McCann v United Kingdom  ECHR 19009/04 (13 May 2008) The European Court of Human Rights has found that the United Kingdom violated art 8 of the European Convention on Human Rights by failing to provide adequate procedural safeguards to protect the right to respect of a person’s home in the context of public housing.
The applicant, Mr McCann, and his wife were joint tenants of a house owned by the local housing authority in Birmingham. Following accusations of domestic violence against the applicant by Mrs McCann, he was temporarily removed by ouster order. Mrs McCann and their two children successfully applied to be re-housed. The house remained unoccupied until November 2001, when the applicant returned. The local authority continued to assume that the house was uninhabited.
In January 2002 the local authority discovered that the applicant was living there. The local authority asked Mrs McCann, as joint tenant, to formally end her tenancy of the old house by signing a notice to quit. Mrs McCann signed the notice. The legal effect of this was to end the joint tenancy, extinguishing the applicant’s right to live in the house or exchange it for another council property.
Mrs McCann claimed that she was not advised and had no understanding of the consequences of signing the notice to quit. She attempted to withdraw the notice a week after signing it, but was unsuccessful.
Proceedings for possession were brought by the local authority against the applicant. The applicant was successful in claiming relief under the Convention at first instance in the County Court. This decision was overturned in the Court of Appeal and all further appeals by the applicant were unsuccessful. The applicant argued before the European Court of Human Rights that the manner in which the notice to quit was obtained, and the applicant’s consequent eviction from his home, breached his right to respect for the home under art 8 of the Convention.
The parties agreed that the notice to quit, and the accompanying proceedings for possession, engaged the applicant’s right to respect for his home under art 8. However, they disagreed on whether the interference with the applicant’s rights was ‘proportionate to the aim pursued and thus “necessary in a democratic society”’.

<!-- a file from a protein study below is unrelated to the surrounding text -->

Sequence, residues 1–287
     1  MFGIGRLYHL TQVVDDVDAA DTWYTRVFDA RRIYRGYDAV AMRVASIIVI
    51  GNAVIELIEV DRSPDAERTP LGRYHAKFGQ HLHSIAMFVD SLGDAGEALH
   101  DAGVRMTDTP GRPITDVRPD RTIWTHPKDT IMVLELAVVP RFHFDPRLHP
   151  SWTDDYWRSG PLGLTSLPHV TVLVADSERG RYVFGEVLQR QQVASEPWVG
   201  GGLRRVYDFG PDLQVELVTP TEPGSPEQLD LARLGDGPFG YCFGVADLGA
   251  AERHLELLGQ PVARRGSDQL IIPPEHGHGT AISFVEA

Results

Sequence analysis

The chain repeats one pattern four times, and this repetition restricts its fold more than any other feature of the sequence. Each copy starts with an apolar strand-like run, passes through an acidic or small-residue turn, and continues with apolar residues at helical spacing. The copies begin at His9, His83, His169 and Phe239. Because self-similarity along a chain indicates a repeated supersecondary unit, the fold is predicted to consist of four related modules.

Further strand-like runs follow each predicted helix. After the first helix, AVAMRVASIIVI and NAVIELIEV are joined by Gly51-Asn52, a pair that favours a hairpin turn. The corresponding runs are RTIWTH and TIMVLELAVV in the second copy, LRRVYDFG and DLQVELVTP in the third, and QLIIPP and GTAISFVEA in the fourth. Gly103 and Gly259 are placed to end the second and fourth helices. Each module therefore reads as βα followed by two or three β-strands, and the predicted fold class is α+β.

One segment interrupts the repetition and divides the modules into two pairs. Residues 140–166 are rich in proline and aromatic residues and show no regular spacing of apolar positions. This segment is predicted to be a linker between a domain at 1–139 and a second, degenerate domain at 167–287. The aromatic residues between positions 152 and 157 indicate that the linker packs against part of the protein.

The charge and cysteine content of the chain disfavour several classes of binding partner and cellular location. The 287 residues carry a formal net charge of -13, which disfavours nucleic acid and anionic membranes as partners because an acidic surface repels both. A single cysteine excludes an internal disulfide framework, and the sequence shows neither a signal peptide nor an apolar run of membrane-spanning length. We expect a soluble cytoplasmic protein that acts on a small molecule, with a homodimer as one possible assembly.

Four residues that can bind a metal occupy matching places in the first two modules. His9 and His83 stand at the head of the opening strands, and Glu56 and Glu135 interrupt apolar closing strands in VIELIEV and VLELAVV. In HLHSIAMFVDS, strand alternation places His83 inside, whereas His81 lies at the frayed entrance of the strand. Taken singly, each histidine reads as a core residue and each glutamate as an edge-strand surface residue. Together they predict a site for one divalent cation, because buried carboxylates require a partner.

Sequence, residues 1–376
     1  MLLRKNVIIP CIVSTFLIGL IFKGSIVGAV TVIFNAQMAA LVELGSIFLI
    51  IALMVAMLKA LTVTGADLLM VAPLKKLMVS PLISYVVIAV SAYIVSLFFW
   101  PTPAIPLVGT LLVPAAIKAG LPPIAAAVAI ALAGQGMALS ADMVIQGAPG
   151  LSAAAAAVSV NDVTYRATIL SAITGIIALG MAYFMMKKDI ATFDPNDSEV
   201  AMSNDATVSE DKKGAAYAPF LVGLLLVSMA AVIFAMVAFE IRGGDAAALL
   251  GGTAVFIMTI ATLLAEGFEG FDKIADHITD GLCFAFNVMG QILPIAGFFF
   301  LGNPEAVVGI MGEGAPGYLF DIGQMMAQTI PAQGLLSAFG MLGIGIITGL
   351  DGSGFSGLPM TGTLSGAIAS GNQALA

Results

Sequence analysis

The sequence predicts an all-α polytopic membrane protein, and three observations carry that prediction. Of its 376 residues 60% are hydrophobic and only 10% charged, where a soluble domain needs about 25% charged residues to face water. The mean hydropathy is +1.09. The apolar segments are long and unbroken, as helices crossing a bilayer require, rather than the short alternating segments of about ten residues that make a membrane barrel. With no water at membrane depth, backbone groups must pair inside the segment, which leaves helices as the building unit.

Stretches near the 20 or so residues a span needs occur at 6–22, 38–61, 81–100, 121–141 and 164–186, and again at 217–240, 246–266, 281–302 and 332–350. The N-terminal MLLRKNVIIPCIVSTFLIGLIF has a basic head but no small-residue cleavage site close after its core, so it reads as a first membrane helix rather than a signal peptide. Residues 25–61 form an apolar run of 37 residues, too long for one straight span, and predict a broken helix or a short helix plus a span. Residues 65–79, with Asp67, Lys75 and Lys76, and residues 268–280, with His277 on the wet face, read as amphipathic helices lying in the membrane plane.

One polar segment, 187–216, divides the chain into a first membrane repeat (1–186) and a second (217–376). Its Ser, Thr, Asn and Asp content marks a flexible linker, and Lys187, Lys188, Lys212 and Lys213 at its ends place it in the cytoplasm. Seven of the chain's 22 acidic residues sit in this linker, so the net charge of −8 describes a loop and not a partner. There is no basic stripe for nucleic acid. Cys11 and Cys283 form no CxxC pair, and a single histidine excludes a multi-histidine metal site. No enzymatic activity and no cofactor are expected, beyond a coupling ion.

The Court acknowledged that the interference was in accordance with the law and was pursued with the aims of protecting the rights and freedoms of others. It held that the public authority, in attempting to evict the applicant, was ensuring that the statutory scheme for the provision of public housing was properly applied. This in turn protects and benefits the rights of others in society who may be eligible for assistance under the scheme.
The scheme included provisions intended to protect secure tenants of public landlords. However, the public authority bypassed these provisions by requesting Mrs McCann to sign the notice to quit, effectively denying the applicant the opportunity for appropriate independent review as to whether the loss of his home was proportionate to the aim pursued.
Consequently, the ‘procedural safeguards’ protecting the applicant’s rights under art 8 were considered to be insufficient. The local authority had requested Mrs McCann sign the notice to quit without ‘any consideration to the applicant’s right to respect for his home’. There was no independent tribunal to examine the proportionality of the decision to evict the applicant, and judicial review was inadequate because the proportionality of the possession order was not open for the domestic courts to consider. The applicant’s rights under art 8 were therefore held to have been violated.
Relevance to the Victorian Charter
On its face, McCann may appear to set a precedent for a human rights charter interfering with the legitimate aims and lawful decision making of a public housing authority. However, the Court was careful to note that art 8 was only breached in a procedural sense, and that given the claims of domestic violence against the applicant, his status as a single man, and the scarcity of public housing, it was by no means clear that the applicant would have been successful were his case to be subjected to independent review.
Section 13 of the Charter provides that a person has the right not to have his or her home unlawfully or arbitrarily interfered with, while s 38 prohibits a public authority from acting in a way that is incompatible with a human right, or failing to give proper consideration to a human right in its decision making processes. The combined effect of these sections is broadly similar to art 8 of the Convention.
In a Victorian context, McCann suggests that where rights to the home under the Charter are interfered with by a public housing authority, a robust decision-making process, and access to an independent tribunal to review the proportionality of the relevant decision, are necessary ‘procedural safeguards’ to which individuals are entitled.
Andrew Rodger, Human Rights Law Group, Mallesons Stephen Jaques